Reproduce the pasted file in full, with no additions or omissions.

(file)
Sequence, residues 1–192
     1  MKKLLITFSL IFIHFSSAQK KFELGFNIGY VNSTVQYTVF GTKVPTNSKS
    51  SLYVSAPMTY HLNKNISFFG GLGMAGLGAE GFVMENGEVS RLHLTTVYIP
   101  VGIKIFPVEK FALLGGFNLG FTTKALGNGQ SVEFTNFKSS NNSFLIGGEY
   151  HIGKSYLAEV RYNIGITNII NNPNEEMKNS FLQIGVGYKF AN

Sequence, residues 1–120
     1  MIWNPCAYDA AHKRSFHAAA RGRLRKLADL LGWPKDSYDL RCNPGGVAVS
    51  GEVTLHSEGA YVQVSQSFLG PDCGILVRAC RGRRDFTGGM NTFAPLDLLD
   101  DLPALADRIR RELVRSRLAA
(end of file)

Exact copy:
Sequence, residues 1–192
     1  MKKLLITFSL IFIHFSSAQK KFELGFNIGY VNSTVQYTVF GTKVPTNSKS
    51  SLYVSAPMTY HLNKNISFFG GLGMAGLGAE GFVMENGEVS RLHLTTVYIP
   101  VGIKIFPVEK FALLGGFNLG FTTKALGNGQ SVEFTNFKSS NNSFLIGGEY
   151  HIGKSYLAEV RYNIGITNII NNPNEEMKNS FLQIGVGYKF AN

Sequence, residues 1–120
     1  MIWNPCAYDA AHKRSFHAAA RGRLRKLADL LGWPKDSYDL RCNPGGVAVS
    51  GEVTLHSEGA YVQVSQSFLG PDCGILVRAC RGRRDFTGGM NTFAPLDLLD
   101  DLPALADRIR RELVRSRLAA